School Funding

Sorry … been awhile since posting but life just seems hectic!  Each week I receive an update from a consortium of Iowa education associations.  This week’s really jumped out at me so I’ve simply copied and pasted the entire article … see below.

Education Fact of the Week: Revenues Known: Now is the Time

Revenue Estimating Conference: 
The Revenue Estimating Conference (REC) met on March 19, 2015 and updated the estimated state general fund revenue amounts for FY 2015 and FY 2016 (the current and next fiscal year). Overall, they made the following revisions from the December estimates:

  • Lowered the FY 2015 estimate by $89.7 million compared to the December estimate. The net change is an increase of $9.3 million when considering tax law changes made earlier in the Session. The new FY 2015 estimate is an increase of $278.4 million (4.3%) compared to actual FY 2014 general fund revenues.
  • Lowered the FY 2016 estimate by 38.3 million for economic reasons, but this amount was offset by federal tax coupling which increased the December estimate by $19.2 million for a net change to state revenues of $19.1 million. The new FY 2016 estimate represents an increase of $408.1 million (6.0%) compared to the revised FY 2015 estimate.
  • Members of the REC shared their rationale for the slight revisions:
    • Holly Lyons, Legislative Services Agency: sees solid USA and Iowa economic growth, slowing slightly at the national level but no cause for alarm. The SF 126 revenue coupling with federal law changes is the only reason for the reduction in the LSA numbers.
    • David Underwood, Business consultant, public member: Similar comments to last December. Farm income is down about 30%, but that’s not tremendously significant to the state individual income tax number. Good indicators in the economy overall buoy up our Iowa economy.
    • Dave Roederer, Department of Management (Governor’s appointee): Watching the global economy, excess oil reserves, will lower input costs for agriculture (price of fertilizer for example), but that takes a while. Didn’t factor in global oil price changes in Governor’s estimate. I concur with my colleagues on their assessment of Iowa’s growth. Most fundamentals are in pretty good shape.

What Does this Mean?
Since the March estimate for FY 2016 is lower than the December estimate, legislators must use the March number when working on FY 2016 budgets. Although the estimate did decrease, it was not a significant reduction compared to the $7.19 billion total.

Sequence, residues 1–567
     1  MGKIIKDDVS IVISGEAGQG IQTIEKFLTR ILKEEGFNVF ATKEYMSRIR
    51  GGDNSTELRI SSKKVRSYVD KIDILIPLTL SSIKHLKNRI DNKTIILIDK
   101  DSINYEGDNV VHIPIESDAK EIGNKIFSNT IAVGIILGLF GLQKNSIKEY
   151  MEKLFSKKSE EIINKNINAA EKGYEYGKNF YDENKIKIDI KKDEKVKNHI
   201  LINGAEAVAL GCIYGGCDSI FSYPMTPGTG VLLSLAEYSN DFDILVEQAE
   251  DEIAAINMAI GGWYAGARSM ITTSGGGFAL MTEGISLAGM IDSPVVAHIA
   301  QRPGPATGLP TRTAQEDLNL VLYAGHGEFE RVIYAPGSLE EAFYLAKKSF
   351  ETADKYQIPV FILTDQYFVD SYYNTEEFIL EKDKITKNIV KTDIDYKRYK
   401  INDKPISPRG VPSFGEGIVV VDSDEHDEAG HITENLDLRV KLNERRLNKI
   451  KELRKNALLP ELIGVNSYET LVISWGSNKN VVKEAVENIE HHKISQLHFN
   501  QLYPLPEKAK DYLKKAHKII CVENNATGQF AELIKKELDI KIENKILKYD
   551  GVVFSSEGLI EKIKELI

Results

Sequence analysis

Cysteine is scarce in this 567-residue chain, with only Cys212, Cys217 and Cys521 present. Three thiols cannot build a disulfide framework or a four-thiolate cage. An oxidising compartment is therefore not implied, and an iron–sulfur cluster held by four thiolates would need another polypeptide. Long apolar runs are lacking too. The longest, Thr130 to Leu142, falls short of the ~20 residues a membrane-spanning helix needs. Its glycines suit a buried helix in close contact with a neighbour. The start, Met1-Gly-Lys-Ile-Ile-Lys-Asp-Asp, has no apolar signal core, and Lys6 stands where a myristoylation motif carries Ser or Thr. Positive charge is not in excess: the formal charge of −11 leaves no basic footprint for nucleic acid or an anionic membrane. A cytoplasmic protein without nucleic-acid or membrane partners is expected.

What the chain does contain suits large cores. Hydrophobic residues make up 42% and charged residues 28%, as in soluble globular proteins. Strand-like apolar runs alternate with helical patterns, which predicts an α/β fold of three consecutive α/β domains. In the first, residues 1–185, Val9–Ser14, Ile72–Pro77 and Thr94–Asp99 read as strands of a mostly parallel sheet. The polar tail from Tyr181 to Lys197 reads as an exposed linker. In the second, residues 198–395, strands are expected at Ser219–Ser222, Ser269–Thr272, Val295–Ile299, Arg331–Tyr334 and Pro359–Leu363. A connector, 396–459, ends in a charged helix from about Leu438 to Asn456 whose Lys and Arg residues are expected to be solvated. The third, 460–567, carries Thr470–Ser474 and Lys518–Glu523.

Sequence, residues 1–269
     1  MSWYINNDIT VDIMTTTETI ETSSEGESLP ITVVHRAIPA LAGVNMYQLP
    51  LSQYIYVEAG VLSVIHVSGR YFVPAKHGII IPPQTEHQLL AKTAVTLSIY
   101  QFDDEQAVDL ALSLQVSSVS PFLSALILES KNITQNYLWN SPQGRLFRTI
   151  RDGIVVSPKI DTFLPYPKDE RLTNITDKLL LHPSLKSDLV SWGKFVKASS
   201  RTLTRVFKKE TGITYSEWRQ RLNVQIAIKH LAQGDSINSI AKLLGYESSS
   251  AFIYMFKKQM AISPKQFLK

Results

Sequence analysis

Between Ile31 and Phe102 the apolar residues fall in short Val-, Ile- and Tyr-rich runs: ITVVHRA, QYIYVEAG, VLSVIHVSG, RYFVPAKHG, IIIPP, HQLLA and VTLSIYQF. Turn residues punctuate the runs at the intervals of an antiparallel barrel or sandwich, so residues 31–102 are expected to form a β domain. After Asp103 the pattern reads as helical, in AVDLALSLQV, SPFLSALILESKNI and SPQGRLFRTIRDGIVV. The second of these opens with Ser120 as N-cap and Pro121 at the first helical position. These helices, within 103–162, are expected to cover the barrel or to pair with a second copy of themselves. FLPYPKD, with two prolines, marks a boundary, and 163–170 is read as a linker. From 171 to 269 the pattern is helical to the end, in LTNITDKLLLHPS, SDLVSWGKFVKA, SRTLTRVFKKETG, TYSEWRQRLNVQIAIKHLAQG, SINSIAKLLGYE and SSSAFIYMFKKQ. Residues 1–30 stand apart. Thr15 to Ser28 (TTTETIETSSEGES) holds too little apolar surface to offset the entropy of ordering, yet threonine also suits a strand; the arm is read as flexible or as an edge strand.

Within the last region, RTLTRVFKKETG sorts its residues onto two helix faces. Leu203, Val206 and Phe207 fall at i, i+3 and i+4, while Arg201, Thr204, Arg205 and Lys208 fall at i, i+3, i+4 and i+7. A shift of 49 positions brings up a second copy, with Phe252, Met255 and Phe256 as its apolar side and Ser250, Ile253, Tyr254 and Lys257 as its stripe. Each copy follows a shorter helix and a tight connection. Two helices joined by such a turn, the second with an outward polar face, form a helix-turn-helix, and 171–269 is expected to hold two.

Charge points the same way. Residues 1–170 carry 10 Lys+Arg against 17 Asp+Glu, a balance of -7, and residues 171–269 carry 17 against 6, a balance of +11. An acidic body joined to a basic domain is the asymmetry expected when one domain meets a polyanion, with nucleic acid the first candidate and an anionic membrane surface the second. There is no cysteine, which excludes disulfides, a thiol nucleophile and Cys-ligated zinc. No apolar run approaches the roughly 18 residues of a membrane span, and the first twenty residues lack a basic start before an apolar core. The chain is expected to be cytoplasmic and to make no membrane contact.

Now that the REC has set their estimate, it is likely that budget targets will be released soon. When the state cost per pupil is set in the prior legislative session, as Iowa law dictates, those budget targets are set already knowing the school aid funding level. Since the timing for setting school aid has been delayed, it is even more critical for legislators to keep school aid funding a priority as they begin their budget discussions.

Some legislators have communicated with constituents about existing commitments, including:

  • The governor’s budget accounted for the federal coupling and was $172.9 ($173.0) million below the legal 99% spending authority. In other words, the governor has money in his budget for an additional 4.9% to his current 1.25% SSA for a total of 6.15% for FY 2015-2016 which is more than the education coalition asked for Iowa’s school children.
  • $50 million for teacher leadership and compensation grants;
  • Another $50 million within the formula to continue participation in those districts which began TLC July 1, 2014;
  • Additional funds for Medicaid since the federal match rate has changed due to Iowa’s improved economic condition; and
  • $133.7 million for the continued phase in of commercial/industrial property tax relief. (page 19, LSA analysis of Governor’s Budget Recommendation)

State and federal laws impose various deadlines on school districts involving budgeting, bargaining and staffing. Schools must follow the law and thoughtfully plan. Last week’s Education Facts showed the many deadlines imposed. April 15 is the budget certification deadline, now less than one month away.

Now is the Time:
The Education Coalition calls on our Legislature and Governor to set at least a 4% growth rate per student for the 2015-2016 school year, and set the 2016-2017 rate at 6%.

Schools need sufficient notice to anticipate revenue, make timely staffing decisions, and thoughtfully plan to invest the funds wisely for student learning. The future of Iowa’s students and our state’s continued success depend on a solid investment in the priority of public education.
Brought to you by the joint efforts of Iowa Association of School Boards, School Administrators of Iowa, Iowa Area Education Agencies, Iowa State Education Association, the Rural Schools Advocates of Iowa, and the Urban Education Network of Iowa in support of adequate and timely school funding.